News

Climate action so far in 2018: some countries step up, others back, risking stranded coal assets

Published: 03/05/2018

Today at the Bonn Climate Change Conference, the Climate Action Tracker (CAT) presented its latest edition of country assessments. The project consisting of Climate Analytics, Ecofys, a Navigant company, and NewClimate Institute updated 23 of the 32 countries whose development on climate action it tracks.

While some progress has been made since November 2017, most governments’ policies are still not on track towards meeting their Paris Agreement commitments, many of which are in themselves far from sufficient to keep warming to the agreed 1.5˚C warming limit. Our assessments point to an urgent need for governments to scale up both their policies and targets to bring them more in line with a pathway to limiting warming to 1.5˚C.  

Renewable energy from wind and solar is still developing so fast that the CAT had to revise its projections for emissions in 2030 downwards for the USA (despite the Administration’s efforts in the opposite direction) and for Chile (where record low costs for RE paved the way to the adoption of a plan to phase out coal). Argentina presented new energy scenarios that, if implemented, would result in significantly lower emissions. In contrast, there is still a disappointing theme of some governments not yet willing - or unable - to give up coal. Japan, Indonesia, Philippines and Turkey, for example, are still proceeding with coal plant construction.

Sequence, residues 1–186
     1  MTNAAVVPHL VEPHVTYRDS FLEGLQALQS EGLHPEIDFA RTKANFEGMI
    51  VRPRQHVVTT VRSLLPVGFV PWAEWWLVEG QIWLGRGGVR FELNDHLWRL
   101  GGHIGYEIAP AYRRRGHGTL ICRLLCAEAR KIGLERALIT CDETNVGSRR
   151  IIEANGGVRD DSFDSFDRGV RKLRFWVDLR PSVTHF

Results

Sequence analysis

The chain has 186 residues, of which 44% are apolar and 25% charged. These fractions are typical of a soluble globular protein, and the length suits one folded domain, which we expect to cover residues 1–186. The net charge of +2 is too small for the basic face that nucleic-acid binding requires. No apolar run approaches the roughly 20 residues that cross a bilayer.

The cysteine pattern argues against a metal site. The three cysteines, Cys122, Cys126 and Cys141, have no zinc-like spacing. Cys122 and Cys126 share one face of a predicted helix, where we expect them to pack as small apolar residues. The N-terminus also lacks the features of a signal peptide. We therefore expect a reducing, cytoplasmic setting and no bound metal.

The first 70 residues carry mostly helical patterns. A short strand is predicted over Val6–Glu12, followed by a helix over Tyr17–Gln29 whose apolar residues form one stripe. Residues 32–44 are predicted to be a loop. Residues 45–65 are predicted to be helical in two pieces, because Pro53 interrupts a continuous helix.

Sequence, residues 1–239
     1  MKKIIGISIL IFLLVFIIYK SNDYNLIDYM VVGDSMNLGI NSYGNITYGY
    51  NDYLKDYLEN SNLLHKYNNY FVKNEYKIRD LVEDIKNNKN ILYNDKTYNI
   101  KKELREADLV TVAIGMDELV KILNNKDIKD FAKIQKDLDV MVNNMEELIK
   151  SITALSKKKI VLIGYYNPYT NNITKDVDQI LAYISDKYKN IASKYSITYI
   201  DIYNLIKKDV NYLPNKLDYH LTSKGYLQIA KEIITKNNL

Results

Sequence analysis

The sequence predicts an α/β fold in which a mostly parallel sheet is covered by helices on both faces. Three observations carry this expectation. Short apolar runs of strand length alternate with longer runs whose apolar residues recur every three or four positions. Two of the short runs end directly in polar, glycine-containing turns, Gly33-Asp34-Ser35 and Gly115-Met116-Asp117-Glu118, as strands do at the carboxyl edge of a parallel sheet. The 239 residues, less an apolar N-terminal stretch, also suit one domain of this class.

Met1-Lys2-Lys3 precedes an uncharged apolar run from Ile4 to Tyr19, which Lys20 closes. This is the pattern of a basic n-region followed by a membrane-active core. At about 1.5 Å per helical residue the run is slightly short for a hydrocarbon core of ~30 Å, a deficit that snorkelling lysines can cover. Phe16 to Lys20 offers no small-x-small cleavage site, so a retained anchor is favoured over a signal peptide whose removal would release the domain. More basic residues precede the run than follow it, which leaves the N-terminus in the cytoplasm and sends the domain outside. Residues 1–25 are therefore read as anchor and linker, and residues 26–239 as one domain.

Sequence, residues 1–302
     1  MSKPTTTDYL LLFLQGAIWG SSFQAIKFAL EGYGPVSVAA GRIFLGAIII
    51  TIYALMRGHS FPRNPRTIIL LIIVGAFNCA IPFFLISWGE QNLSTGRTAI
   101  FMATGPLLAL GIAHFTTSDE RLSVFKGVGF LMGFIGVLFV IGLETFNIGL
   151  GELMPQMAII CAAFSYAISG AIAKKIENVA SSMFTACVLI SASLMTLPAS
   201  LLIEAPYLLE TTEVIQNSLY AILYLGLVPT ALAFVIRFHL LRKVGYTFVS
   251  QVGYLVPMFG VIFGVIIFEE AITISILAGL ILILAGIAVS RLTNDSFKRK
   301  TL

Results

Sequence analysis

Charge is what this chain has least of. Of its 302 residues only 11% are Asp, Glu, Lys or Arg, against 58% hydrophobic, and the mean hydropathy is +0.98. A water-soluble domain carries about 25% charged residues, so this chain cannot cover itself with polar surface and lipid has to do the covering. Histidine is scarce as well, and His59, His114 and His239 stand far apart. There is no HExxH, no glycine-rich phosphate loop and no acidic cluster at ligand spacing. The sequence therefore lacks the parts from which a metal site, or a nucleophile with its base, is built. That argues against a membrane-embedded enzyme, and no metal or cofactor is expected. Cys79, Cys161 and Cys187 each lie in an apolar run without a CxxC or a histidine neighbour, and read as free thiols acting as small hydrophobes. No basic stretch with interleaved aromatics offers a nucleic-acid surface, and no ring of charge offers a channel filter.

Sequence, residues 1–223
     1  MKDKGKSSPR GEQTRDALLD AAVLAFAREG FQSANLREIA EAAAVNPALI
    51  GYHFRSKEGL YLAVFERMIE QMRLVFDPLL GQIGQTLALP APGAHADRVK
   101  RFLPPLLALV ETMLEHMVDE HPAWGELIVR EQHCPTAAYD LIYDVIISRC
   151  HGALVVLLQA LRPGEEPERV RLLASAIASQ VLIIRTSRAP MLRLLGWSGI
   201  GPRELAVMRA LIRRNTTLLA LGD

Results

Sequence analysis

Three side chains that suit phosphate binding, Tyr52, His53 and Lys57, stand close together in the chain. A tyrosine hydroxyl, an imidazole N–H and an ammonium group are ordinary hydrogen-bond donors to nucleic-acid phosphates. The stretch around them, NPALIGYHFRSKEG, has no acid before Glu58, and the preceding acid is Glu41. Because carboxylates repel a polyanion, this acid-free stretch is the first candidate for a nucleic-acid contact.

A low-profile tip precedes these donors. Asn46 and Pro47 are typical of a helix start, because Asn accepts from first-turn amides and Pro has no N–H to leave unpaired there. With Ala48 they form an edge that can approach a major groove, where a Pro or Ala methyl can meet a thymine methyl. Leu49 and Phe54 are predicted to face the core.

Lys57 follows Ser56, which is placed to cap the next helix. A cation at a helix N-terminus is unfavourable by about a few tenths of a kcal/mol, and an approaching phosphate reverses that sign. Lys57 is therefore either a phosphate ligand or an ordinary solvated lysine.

Find more information in the press release.
The individual country assessments are available at: climateactiontracker.org